Defendant Michaelson argues that the requirement of referendum approval extends beyond the bare concept of a proposed change, such as the Lansing 50% rule, to the method of implementing that rule as well. Michaelson contends that the "approval" requirement bars any changes permitted under section 6(f) that were not clearly contemplated by the terms of a referendum proposition. Because the Lansing proposition was not self-executing, and the ordinance that was passed to "implement" the proposition contained changes in the election system that were not clearly contemplated by the terms of the proposition, the defendants submit that the referendum and ordinance are constitutionally defective.
Among the changes in Lansing's election system instituted by the ordinance that was passed by the village board to "implement" the referendum was the addition of a third election after the party primary in February and the general election in April. While the proposition clearly contemplated a runoff election in the event that no candidate for a village office received a majority of the votes cast, the terms of the proposition did not indicate how or when that runoff would be conducted.
Adding a later runoff election necessarily shortened the terms of office of those trustees who are not elected until the runoff, and lengthened the terms of those lameduck officials whose terms are extended until their successors are determined by the runoff. Altering the terms of office of village officials was not a change contemplated by the language of the referendum proposition, but is one of the items that is specifically subject to voter approval under section 6(f).
Moreover, the ordinance limits the number of runoff elections to be held to one per office to be filled, and restricts the number of candidates in each runoff to the two receiving the highest number of votes for that office at the regular municipal election. (Ordinance sec. 4.) These limitations appear to conflict with the terms of the referendum proposition, which requires that "a run-off election be held for any candidates * * * who do not receive fifty percent (50%) of the votes cast for that office." (Emphasis added.) If a runoff slated all of the candidates for a given office who did not receive 50% of the vote, however, an endless series of runoffs could result whenever more than two candidates ran for office.
The ordinance also declares that the candidate receiving "the highest number of votes" in a runoff shall be elected to the office of village trustee. (Ordinance sec. 4.) The ordinance thus permits candidates to win by a simple plurality where, for example, two trustee positions are at stake and three or more candidates are slated. This result is clearly contrary to the terms of the referendum proposition, which requires every official to win by a majority.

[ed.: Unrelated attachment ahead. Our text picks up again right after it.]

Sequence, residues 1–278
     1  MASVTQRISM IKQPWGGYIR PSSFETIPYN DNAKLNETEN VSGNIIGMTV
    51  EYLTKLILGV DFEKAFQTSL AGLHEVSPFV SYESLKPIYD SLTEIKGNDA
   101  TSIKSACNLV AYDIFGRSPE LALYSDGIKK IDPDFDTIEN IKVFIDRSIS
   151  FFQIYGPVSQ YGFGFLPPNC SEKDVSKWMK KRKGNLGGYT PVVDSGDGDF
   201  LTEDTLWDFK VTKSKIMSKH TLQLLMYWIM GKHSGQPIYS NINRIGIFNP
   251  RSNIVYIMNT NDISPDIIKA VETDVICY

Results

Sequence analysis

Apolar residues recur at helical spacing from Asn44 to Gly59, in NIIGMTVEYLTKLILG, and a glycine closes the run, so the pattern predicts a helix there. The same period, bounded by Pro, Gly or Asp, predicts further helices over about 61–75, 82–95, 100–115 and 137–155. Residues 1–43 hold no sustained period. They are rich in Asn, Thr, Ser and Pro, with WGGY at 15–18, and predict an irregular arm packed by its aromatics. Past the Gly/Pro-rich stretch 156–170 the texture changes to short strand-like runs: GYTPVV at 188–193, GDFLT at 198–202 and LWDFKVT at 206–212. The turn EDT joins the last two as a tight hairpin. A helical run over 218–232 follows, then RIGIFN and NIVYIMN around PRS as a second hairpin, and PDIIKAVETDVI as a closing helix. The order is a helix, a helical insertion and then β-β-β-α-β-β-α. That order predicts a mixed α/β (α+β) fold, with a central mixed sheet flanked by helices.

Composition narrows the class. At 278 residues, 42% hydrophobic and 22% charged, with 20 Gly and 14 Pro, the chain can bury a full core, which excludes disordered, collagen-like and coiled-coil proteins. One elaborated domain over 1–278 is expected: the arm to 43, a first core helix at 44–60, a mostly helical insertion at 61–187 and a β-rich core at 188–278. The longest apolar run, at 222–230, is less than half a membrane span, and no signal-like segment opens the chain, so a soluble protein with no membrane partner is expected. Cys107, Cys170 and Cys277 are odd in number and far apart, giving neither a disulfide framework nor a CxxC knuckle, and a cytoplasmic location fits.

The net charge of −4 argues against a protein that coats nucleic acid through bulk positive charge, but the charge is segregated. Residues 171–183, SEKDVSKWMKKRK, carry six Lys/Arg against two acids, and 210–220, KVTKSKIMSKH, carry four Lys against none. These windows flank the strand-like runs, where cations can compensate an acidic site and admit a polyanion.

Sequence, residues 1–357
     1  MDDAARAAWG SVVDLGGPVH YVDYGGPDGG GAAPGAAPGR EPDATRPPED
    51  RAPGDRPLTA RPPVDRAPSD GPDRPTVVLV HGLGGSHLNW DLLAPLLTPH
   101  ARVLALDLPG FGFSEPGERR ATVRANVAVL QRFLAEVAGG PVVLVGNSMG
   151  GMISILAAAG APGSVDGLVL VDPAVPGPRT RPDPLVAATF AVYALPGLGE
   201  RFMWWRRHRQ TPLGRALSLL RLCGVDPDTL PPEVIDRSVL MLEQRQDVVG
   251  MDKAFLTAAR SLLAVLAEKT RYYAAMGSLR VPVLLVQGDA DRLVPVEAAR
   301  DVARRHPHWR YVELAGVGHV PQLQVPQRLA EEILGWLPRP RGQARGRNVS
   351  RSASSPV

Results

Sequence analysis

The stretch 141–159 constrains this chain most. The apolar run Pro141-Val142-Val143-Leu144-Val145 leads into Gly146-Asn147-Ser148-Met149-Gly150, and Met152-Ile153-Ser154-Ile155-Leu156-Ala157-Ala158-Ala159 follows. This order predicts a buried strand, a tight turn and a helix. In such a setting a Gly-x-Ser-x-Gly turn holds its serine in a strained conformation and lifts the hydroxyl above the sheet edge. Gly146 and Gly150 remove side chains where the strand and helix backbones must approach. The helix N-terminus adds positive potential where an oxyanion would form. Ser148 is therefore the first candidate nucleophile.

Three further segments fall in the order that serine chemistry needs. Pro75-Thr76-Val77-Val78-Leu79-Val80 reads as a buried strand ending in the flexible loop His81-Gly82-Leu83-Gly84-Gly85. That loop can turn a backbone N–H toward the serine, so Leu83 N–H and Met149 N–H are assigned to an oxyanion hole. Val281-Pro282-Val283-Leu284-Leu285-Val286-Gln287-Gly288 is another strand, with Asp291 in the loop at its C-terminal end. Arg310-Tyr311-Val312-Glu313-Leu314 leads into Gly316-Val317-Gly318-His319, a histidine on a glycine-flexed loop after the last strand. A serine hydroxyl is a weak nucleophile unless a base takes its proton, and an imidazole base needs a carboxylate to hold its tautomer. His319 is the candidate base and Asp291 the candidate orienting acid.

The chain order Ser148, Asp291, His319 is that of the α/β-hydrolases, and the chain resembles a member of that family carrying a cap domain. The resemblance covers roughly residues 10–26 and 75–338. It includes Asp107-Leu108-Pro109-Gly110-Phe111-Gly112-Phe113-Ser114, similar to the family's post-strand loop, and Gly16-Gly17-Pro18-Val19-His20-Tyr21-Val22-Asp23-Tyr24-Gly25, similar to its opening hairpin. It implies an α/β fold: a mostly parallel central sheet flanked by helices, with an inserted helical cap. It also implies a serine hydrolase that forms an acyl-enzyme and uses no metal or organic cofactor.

Finally, how to determine what constitutes "50% of the votes cast" for office of village trustee where nine or more candidates may run for three at-large seats is clear in neither the referendum proposition nor the ordinance. The ambiguity is demonstrated by the different methods adopted by the circuit court and the appellate court for determining what constitutes "50% of the votes cast for that office" when three at-large trustee seats are at stake. The circuit court ruled that the 50% figure should be arrived at by dividing the number of ballot applications filed by two. The appellate court noted that each voter was entitled to three non-cumulative votes, but that some voters did not cast all of the votes to which they were entitled. The appellate court therefore arrived at the 50% figure by adding all the votes actually cast, dividing by the three seats at stake, and then dividing by two. Since there is no way to distinguish between votes for one trustee seat and another, some averaging method is clearly necessary in order to arrive at a 50% figure; however, there is no way to determine which of the methods devised by the two courts more nearly represents the intent of the referendum proposition.
Thus, the 1979 Lansing referendum was vague and ambiguous. Just what was approved by the voters is uncertain. Neither the 50% rule nor the mechanics of the runoff scheme were clear in the referendum. The referendum either proposed a series of runoffs or what it proposed is uncertain. What is clear is that the bare concept contained in the referendum proposition had to be interpreted, supplemented and modified in order to be implemented. Because the referendum could not stand on its own terms, however, the voters of Lansing cannot be said to have approved a coherent scheme for altering the election of their officials, which is what section 6(f) requires. Indeed, some of the specific terms contained in the ordinance that purportedly "implements" the referendum are contrary to the plain terms of the proposition. We therefore hold that the 1979 Lansing proposition was fatally defective under article VII, section 6(f), of the 1970 Illinois Constitution because of its vagueness and ambiguity.
The Lansing referendum illustrates the mischief that may result from a proposition that initiates a change in the election process without adequately working out and articulating the details of the new scheme. Because we hold the Lansing referendum invalid, we need not reach the question of the validity of those provisions of the ordinance that conflict with State election law.
There remains only the question of the plaintiffs' cross-petition for their attorney fees. Their request was made pursuant to the Civil Rights Attorneys Fees Awards Act of 1976 (42 U.S.C. § 1988 (1982)). However, that statute applies only to actions or proceedings brought under certain Federal statutes that are not at issue in this case. Moreover, the plaintiffs have not prevailed. Hence, there is no basis for granting their request for attorney fees.
The judgments of the appellate and circuit courts are affirmed insofar as they denied attorney fees. The judgments are otherwise reversed.
Appellate court affirmed in part and reversed in part; circuit court affirmed in part and reversed in part.